If you are already using NodeJS for a while, you might already know that NodeJS is, by default, made up of single-threaded architecture. That means all your application logic will be run as a single thread for any amount of traffic requests. So, whenever it’s doing one operation, it won’t be doing anything else at that moment, even if there is a new request at the same time, which will have to wait. It may sound terrifying, but with its event-driven architecture, it’s doing the job quite well as soon as one golden rule is followed, which is ‘each operation in NodeJS should be done using minimum CPU time usage’. All CPU-heavy operations should be done somewhere else.
Well, that sounds fair. As soon as we know and follow this accordingly, our app should be fine doing its work in single-threaded mode. However, still, if we get very high traffic, where several requests per second need to be handled as fast as possible, single-threaded architecture won’t do much good at that point, restricting you from scaling your application. So, what do we do?
NodeJS Cluster To The rescue:
Well, there is no direct facility to create multiple threads in a single NodeJS application process. Still, there is a facility to create multiple processes to bind under the same server port and work in the same way independently. Nodejs ‘cluster’ module facilitates this in a very efficient manner. We can implement multi-process architecture with it easily.
Creating a simple worker process:
The cluster module follows the master-slave/parent-child paradigm. So, the first process that will be run is the master process, and all the other processes that it creates are workers. Let’s see a small code snippet:
As you can see here, we are checking if it’s the initial/master process by using ‘cluster.isMaster’ check. If so, we are forking a new process under it, which will in turn fall under ‘else’ block and create the child process, which does the actual work of server port binding. However, you may notice that the above code is going to create only two processes: one child and one master, where the master is doing nothing else other than creating the child.
Creating multiple child processes controlled by the master:
Let’s now move ahead a little to create more than one process and make sure all of them get terminated if the master is terminated.
As you can see here, we are creating five child processes now, and all of them are listening to the same 1337 port. Besides, here our master process is also doing some significant tasks of making sure that all workers are terminated properly when the master process has to be terminated so that there are no orphan child processes going to be around in the system.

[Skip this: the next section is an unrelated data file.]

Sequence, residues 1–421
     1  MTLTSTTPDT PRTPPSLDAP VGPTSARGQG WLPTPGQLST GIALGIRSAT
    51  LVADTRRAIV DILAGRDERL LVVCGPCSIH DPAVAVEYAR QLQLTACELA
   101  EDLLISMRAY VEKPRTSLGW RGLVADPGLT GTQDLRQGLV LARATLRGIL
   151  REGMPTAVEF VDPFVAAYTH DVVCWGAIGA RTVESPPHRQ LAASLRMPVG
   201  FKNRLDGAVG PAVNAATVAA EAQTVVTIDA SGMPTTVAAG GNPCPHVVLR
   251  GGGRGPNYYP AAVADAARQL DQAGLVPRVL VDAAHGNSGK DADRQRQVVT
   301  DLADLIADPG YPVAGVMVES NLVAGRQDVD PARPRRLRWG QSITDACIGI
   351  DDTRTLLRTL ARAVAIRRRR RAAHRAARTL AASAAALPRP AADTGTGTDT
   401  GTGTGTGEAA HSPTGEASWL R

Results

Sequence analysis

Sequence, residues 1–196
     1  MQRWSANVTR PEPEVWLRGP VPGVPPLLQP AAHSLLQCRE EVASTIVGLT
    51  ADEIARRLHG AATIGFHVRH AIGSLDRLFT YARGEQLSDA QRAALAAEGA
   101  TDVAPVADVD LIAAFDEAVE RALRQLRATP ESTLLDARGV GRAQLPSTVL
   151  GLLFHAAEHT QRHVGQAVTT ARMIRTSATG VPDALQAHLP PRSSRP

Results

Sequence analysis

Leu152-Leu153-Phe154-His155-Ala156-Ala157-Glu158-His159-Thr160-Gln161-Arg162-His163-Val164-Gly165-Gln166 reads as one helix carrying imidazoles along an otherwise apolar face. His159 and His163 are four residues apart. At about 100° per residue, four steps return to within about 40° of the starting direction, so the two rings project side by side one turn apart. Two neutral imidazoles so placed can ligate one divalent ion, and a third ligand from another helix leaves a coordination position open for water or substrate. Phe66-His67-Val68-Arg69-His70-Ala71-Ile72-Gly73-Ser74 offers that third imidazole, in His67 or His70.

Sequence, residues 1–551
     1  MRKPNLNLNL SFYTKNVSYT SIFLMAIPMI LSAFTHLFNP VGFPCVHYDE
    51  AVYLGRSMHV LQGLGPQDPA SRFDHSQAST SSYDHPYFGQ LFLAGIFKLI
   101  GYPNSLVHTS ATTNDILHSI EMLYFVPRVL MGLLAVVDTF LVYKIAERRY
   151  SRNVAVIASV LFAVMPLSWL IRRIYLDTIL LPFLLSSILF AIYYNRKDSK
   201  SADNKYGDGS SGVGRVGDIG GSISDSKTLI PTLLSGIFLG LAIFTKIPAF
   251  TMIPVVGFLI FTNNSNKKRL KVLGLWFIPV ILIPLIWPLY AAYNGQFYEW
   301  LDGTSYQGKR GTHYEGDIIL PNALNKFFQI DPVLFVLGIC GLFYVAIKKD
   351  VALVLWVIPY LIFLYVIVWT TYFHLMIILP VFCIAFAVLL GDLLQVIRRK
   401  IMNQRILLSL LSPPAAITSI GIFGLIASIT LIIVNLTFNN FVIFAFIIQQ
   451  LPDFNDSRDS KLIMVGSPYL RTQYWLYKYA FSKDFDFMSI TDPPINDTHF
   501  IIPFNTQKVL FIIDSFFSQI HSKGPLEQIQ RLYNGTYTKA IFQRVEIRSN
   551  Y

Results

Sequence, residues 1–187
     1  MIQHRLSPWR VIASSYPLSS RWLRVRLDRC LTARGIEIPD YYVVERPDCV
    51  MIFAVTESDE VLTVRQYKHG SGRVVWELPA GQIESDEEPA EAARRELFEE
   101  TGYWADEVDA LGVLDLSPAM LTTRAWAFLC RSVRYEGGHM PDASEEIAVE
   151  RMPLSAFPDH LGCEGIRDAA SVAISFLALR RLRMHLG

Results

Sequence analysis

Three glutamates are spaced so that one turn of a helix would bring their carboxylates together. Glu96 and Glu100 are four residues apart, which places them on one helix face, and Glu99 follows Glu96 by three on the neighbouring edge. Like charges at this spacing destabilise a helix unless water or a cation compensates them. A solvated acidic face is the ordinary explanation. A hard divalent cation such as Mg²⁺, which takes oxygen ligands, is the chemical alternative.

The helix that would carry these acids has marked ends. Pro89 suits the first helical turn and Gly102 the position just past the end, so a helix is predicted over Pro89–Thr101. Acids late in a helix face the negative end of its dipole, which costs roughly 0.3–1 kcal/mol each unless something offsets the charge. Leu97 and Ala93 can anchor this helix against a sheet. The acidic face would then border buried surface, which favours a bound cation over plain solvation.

Now all of these processes will share the same server port and listen together, though the only process will be served with the request. If at some point 4 of them are already busy doing something, it still has room for getting another request by the fifth one.
Some more failure recovery tuning:
Let’s do some more awesome things. Let’s assume, for some reason, our NodeJS app is buggy and can crash anytime. Normally, you will consider something like supervisord to monitor such process so that they respawn/restarted again automatically on crash events to make sure your application is always alive. However, we can do that internally, taken care of by the master process. A small example to give you an idea of how to do this is here:
Here, as soon as an exit event is observed, the master process creates another child process so that the number of available processes is always the same.
Making Your Life easier:
If you are wondering, what if you could just tell very easily how many child processes to create and where to bind, and all of this stuff happens automatically? Yes, it’s quite possible, leaving you doing all this stuff by yourself every time you create a NodeJS application; you can consider using the clustered-node library that I created a few days ago, which is both simple-to-use and eases migrating your existing NodeJS app to multi-process mode.
Things To Remember:
- Give Master Process Least Responsibility: It’s always recommended that you shouldn’t give the master process much responsibility as more responsibility means more risk to the erroneous process and more chance to crash the master itself, leaving all children processes as orphans.
- Don’t Just create many workers: You should consider an original number of CPUs/cores while creating child processes. You shouldn’t just create several child processes on a single CPU core, as they will share the same computing power by context switching, which might make performance worse. The general rule of thumb is the number of child processes=number of CPU cores available.
Let me know if something isn’t clear in this tutorial via comments. I hope this will help you to some extent to start with NodeJS cluster. Happy coding 🙂